This is already the 3rd season of Pikes Falls. I'm heading up to VT in less than a week, and then on Monday, July 28, the musicians and artists start arriving.
I'm excited. Also, I'm nervous. I have to figure out how to sleep this year, because I start to lose my mind when I don't sleep for a week or two. But... overall, it's the best part of the year, and I am of course looking forward.
Check out the article the Boston Globe wrote about the festival. (Gotta say -- it feels pretty cool to get called by a correspondent from the Boston Globe.)
And, if you're interested in supporting the festival and getting some gear, take a look at our new store.
As always, thanks to everyone for all the support. Hope to see you up in Vermont, but if you can't make it, I'll be sure to send recordings...
For the past 4 years, as the KU Summer Chamber Music Festival approaches, I'm both excited and wary. It's undoubtedly one of my busiest weeks of the year (we teach/rehearse/perform from 9am-10pm almost every day... and then there are camp activities at night), so I begin to anticipate the exhaustion well beforehand.
But, I also remember how high the level of playing is, how eager the students are (they're incredibly enjoyable to teach), and how amazing that final concert always is.
This year was no exception. I was happy to come home on Saturday. After-all, I had missed my cats, and I'm entirely too old to be living in a dorm.
But, the week itself was awesome. My flute students came running with me in the mornings (dedication!) and I was very pleased with all the performances. It's always amazing to me how much students can get done in a week. The first rehearsal feels hopeless, but just a couple of days later, and they're all performance-worthy... and not just "oh, it's kids playing; how cute" performance-worthy. The concerts are truly inspiring, both because of the energy and accomplishment these students embody.
I also really enjoyed performing George Tsontakis's Imagine for solo flute. The Georgian Room was the perfect place for that piece. I'm keeping the piece in my fingers so I can continue to perform it. It's a good option those (oh-so-frequent) times a solo flute piece of 5-ish minutes is required.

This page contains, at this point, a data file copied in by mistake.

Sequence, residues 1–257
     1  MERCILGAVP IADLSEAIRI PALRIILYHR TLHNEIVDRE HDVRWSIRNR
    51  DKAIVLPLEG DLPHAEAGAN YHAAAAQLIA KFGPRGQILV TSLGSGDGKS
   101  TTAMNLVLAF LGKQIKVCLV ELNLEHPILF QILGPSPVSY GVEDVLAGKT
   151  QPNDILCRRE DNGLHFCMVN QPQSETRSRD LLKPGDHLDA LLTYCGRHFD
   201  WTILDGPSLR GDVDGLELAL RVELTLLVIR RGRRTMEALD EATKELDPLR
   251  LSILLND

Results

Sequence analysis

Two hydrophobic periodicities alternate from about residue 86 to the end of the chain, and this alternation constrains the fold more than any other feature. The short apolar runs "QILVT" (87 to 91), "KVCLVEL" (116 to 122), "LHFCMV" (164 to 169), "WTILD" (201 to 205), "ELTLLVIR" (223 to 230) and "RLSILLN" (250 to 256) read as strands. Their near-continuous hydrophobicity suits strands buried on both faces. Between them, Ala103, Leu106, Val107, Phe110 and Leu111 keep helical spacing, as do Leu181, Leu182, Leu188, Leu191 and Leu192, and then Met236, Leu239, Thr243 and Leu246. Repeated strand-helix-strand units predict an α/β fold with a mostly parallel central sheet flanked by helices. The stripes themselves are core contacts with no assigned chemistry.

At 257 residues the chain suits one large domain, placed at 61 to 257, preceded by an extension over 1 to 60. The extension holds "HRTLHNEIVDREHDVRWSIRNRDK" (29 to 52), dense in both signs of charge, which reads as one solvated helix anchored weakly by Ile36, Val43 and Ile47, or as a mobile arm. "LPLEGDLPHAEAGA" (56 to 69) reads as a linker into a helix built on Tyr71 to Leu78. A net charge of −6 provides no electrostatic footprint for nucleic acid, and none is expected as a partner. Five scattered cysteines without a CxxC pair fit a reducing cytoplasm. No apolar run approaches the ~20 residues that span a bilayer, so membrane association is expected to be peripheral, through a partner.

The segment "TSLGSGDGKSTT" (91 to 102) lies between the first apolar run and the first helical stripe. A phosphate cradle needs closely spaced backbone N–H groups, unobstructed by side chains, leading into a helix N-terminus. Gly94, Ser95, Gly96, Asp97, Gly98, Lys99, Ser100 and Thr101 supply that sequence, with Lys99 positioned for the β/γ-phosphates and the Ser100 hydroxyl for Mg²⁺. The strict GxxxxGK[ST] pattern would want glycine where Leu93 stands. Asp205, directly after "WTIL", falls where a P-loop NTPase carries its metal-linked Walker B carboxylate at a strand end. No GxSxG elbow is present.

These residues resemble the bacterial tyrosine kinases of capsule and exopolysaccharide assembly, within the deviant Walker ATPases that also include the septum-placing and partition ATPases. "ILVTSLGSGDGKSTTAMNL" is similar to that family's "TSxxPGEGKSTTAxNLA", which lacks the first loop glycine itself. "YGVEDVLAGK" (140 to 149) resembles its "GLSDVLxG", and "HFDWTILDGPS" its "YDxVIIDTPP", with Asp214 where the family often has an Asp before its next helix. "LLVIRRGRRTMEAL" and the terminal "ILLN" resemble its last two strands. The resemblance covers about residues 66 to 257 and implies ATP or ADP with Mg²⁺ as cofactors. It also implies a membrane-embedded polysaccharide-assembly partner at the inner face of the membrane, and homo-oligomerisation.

Lastly, each year I'm very impressed with how nice the kids are. I'm sure there is a certain amount of in-fighting about groups and music, but overall, everyone gets along. As far as I can tell, they don't form cliques (no "Mean Girl" behavior), they're so damn polite, and they are absolutely dedicated to music. The age range is 12-25, but they all hang out together. Somehow, despite that the students change, the vibe remains the same; and, (now that I've caught up on sleep) I'm looking forward to next year.
Last fall, Inscape went to the Sono Luminus studios in Virginia and recorded Hindemith's Hérodiade. It's an incredible (and often-overlooked) piece that typifies Hindemith's style, and yet still pushes to an exciting dramatic realm. Today, the digital download was released.
Check it out on iTunes or Amazon. And since I seem to be incapable of hearing my own playing without thinking "OH IT SOUNDS LIKE ME WHY DO I PLAY LIKE THAT?," I'd also appreciate any [constructive] feedback that comes to mind.
Here's the article released to Montgomery County newspapers about my being a quarter-finalist for the 2015 Grammy Music Educator Award.
I obsessed about getting the videos as perfect as possible (with help from a couple of wonderful videographers), so I submitted them at the 11th hour last night. If you're interested, visit my Teach page to view one of them (scroll to the bottom of the page).